Okaeri! I hope you had a great week out in the cold (most of our southern hemisphere friends don't know what they're missing). Personally, since I discovered this website I couldn't have been better. This week we're welcoming an atypical artist since whisky and j-pop are on the menu. Forget everything you thought you knew about the Scottish living in Japan, James Grant will show you how it all fits together:
-James, it's great to have you on FML, why did you decide to contribute to FML's traditional illustrated Saturday?
-It's great to be here! I have been a fan of FML for quite some time, and after starting my own webcomic a few months ago I wanted to challenge myself with something different.
-Is FML different enough ?
-Of course! The situations and gags are already pre-written, but there was a lot of legroom to inject some of my craziness into the final strip. The best part was trying not to take the scenario too literally, and finding different angles to tell the same gag from, then just seeing what sticks.
-It ended up being quite awesome. Tell us more about you, how old are you?
-Pretty sure I'm 25 physically, with the mentality of a 12 year old. I'm currently living in Japan in order to improve my language skills and artwork. Oh, and I love drinking tea. My fastest record is about 26 seconds, hoho.
-In which city do you live?
-I currently live in Aomori, which is to the North of Japan. Aomori is home to Japan's, and possibly the world's, most delicious apples, the famous Nebuta Matsuri festival, and incredibly long, cold winters.
-Japan, what a crazy adventure. Where were you from?
-I'm from Scotland originally. People used to run in fear when I told them this, but it turns out we aren't all caber-tossing, foul mouthed, skirt wearing, knife-wielding carnivores. We're actually a pretty nice bunch of people. Aside from the language barrier, dealing with culture shock was also a big hurdle for me, as most of my Japanese coworkers are incredibly quiet and extremely polite. Quite the opposite of what I am used to back home, haha.
-What's your job in this crazy country?
-By day I teach English at two Japanese High Schools, and by night I draw comics! One of the schools I teach at majors in technology, so it's a lot of fun being able to interact with the children through topics that I'm really interested in myself. Though, it kind of sucks getting your ass kicked by a 15 year old when it comes to playing Street Fighter.
-(Sounds like GTO to me.) That's a pretty huge decision you made by moving to Japan. What's the lamest and coolest part?
-(I actually dress like GTO and occasionally try to run over kids on my motorbike) I literally had to drop my life and go when I received the phone call confirming the job offer, but it was a chance I was willing to take if it meant living the dream! Speaking of GTO, the coolest thing that has happened to me was probably visiting Tokyo the day after I got my first paycheck. It didn't last long, and with no import taxes or delivery charges, neither did the thousands of games, DVDs, or figures that I've wanted to own since I was a kid. Ka-ching. The lamest thing would probably be never getting to see my family whenever I like! Tickets home are incredibly expensive, the preparation and 20 hours it takes to travel are a massive downer when I all I want to do is cuddle my dog!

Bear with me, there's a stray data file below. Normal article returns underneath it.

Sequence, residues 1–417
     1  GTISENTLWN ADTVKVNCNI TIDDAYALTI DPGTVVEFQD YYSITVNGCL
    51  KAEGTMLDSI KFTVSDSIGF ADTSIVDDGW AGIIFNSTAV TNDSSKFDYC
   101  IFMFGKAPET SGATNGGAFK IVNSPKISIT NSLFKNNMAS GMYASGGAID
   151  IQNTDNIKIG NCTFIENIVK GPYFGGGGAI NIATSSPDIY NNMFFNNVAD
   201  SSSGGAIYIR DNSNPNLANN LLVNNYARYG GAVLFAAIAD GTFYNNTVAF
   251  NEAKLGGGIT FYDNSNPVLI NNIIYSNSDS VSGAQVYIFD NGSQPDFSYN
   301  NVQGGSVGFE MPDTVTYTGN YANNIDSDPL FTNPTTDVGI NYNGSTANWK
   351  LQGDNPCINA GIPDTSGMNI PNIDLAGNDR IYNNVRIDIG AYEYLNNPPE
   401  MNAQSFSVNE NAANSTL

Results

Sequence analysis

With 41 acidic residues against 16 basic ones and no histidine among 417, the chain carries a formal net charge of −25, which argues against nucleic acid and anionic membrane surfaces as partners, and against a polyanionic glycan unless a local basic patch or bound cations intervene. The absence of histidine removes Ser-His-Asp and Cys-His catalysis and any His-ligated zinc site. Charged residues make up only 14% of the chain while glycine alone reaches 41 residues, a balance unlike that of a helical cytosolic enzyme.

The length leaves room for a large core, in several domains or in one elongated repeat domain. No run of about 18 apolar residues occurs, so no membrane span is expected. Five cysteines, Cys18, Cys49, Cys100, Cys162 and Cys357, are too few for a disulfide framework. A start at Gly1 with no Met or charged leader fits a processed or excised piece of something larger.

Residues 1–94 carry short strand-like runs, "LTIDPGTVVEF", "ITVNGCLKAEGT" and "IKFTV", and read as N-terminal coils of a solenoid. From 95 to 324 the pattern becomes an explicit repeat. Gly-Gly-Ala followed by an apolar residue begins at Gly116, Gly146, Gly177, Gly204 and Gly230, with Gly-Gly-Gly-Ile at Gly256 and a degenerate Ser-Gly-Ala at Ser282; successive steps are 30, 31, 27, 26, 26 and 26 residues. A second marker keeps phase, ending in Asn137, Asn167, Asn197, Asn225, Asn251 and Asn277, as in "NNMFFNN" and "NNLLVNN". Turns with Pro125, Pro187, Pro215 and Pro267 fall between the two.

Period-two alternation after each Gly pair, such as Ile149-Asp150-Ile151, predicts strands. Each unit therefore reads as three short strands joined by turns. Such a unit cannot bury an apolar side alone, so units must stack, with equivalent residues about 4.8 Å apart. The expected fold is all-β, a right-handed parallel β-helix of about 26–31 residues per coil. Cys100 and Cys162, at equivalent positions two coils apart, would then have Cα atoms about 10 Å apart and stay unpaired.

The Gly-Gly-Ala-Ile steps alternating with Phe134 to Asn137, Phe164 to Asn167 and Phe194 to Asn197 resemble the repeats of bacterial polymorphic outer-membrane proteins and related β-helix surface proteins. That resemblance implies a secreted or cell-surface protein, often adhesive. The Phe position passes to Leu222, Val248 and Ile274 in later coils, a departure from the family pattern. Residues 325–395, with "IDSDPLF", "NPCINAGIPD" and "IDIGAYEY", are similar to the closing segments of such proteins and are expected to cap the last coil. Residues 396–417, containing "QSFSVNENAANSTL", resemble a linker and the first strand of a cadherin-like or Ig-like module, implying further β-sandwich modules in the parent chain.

*Side-note: James and I then spent 30 minutes speaking about our dogs, so let's just skip that part*
-Speaking of dogs, have you had the chance to meet Godzilla yet?
-While Godzilla is still on my "Massive Things I Need to Meet" list, I've been introduced to a life-sized Totoro, Pikachu, Laputa Robot Soldier, and recently, Hirosaki Castle's famous Mascot Takamaru-kun!
-What are your inspirations?
-Insert the generic "Well Alice, I've been into video games, anime and manga since I was but a wee laddie" line here, and we're all set. I'll try to be specific. I'm a big fan of manga works by Kiyohiko Azuma, Keiichi Arawi, and many other talented 4koma artists that have the ability to capture humour and timing perfectly. As for art, I am a massive follower of anime companies such as Gainax, Production IG and Kyoani. In particular, the visual styles of popular series such as Panty & Stocking, FLCL, and Gurren Lagann are all really big inspirations. I am also a long-time SEGA fan and have been inspired by the character and enemy designs of Kazuyuki Hoshino (Sonic CD/Sonic Adventure 2) as well as the graffiti-like style used in the Jet Set Radio games. I am trying to make Crazy Sunshine into a mix of Japanese-styled 4koma humour suitable for a western audience, taking influences from Japanese anime and infusing them with American classics such as Dexter's Lab and the Powerpuff Girls.
-Oh it's my last question already: why did you choose this story?
-I always seem to imagine that inanimate objects are actually alive and have feelings. Just ask my car. Anyway, when I read about a vacuum cleaner eating up someone's valuables, I had no choice but to give the machine a little bit of a personality as I started to imagine it scoffing down the poor woman's dog. That, and I think it's important to look at both sides of a coin. What if the women who wrote the story was actually a massive bitch (no offense, uh, Lauren from Texas, was it?) with a grudge against a shy, weak-willed cleaning lady who was forced into feeding a demanding little vacuum cleaner? I think it's a neat idea reading FML stories from two different perspectives, try it out!
-That's an awesome answer, thank you very much James for your participation, and for being kind enough to answer my questions!
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